Judge grants preliminary approval for $640M Flint water crisis settlement

Judge grants preliminary approval for $640M Flint water crisis settlement
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A federal judge in Michigan on Thursday granted preliminary approval for a $641 million settlement in the Flint water crisis. 

Affected residents will now have to decide whether they want to participate in the settlement before a final approval is given. 

Almost 80 percent of the funds are expected to go to the city’s children, with the majority targeted for those who were younger than 6 when they were first exposed since they are at the highest risk for lead poisoning. 


Nearly 20 percent will go to the city’s adult population. 

Some Flint residents, however, have told local news outlets they don’t believe the compensation is sufficient, particularly for adults. 

Those who participate in the settlement will have to end their litigation against defendants including the state and city.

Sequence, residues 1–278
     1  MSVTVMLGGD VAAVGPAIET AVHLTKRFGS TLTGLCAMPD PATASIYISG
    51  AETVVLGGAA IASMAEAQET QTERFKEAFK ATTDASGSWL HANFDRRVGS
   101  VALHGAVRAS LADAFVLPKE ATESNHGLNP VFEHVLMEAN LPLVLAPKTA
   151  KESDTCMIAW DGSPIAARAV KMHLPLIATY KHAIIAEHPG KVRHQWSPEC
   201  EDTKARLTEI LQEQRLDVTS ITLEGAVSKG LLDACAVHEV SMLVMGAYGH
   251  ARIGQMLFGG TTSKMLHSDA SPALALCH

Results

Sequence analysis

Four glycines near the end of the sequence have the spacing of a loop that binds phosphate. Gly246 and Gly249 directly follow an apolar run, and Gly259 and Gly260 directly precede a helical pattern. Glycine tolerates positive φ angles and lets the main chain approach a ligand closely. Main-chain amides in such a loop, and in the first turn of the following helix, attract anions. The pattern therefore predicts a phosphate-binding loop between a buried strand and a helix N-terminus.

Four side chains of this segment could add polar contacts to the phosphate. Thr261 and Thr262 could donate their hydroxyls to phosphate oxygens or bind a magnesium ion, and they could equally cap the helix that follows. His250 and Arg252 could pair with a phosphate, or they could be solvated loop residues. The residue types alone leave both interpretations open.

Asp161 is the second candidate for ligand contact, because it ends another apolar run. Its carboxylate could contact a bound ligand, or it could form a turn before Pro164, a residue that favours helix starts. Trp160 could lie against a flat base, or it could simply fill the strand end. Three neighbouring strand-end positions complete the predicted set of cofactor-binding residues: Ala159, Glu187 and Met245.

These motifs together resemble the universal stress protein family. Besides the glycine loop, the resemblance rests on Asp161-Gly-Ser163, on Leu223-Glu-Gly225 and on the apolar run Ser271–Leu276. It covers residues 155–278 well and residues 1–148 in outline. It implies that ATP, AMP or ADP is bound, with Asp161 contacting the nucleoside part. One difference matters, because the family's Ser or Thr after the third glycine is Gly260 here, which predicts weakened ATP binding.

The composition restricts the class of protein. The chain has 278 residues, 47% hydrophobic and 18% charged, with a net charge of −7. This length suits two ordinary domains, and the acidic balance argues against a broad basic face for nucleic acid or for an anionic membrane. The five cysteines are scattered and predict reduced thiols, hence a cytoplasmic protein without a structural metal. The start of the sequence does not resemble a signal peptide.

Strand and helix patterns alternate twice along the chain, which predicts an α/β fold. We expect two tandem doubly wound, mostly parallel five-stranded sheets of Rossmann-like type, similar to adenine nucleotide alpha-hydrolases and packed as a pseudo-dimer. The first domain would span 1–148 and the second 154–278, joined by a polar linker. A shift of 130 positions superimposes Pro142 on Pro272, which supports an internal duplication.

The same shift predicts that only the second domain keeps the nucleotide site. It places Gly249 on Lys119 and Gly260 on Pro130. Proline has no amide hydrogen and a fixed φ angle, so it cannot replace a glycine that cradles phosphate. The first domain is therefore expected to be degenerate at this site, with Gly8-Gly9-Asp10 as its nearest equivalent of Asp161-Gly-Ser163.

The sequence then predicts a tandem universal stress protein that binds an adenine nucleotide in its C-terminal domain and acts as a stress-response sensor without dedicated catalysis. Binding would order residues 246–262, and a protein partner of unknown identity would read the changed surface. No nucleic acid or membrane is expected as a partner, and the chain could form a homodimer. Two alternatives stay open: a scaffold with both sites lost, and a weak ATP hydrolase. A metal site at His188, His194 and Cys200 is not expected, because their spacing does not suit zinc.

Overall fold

The judge in her decision on Thursday stated that if those impacted by the crisis choose to participate in the settlement, they can object to certain aspects of it. 

Judge Judith Levy acknowledged that some have raised issues with the settlement, but warned that opponents will have to “decide whether the risks of litigation—and there are many—outweigh the benefit of a certain resolution with the Settling Defendants.”

In 2014, Michigan allowed the city of Flint to get its water from the Flint River, which ultimately resulted in tainted water flowing to people's taps. 

In addition to lead contamination, the decision has been linked to a Legionnaires' disease outbreak that killed 12 people.

Separately, a number of individuals, including former Gov. Rick Snyder (R), were charged with crimes over the incident.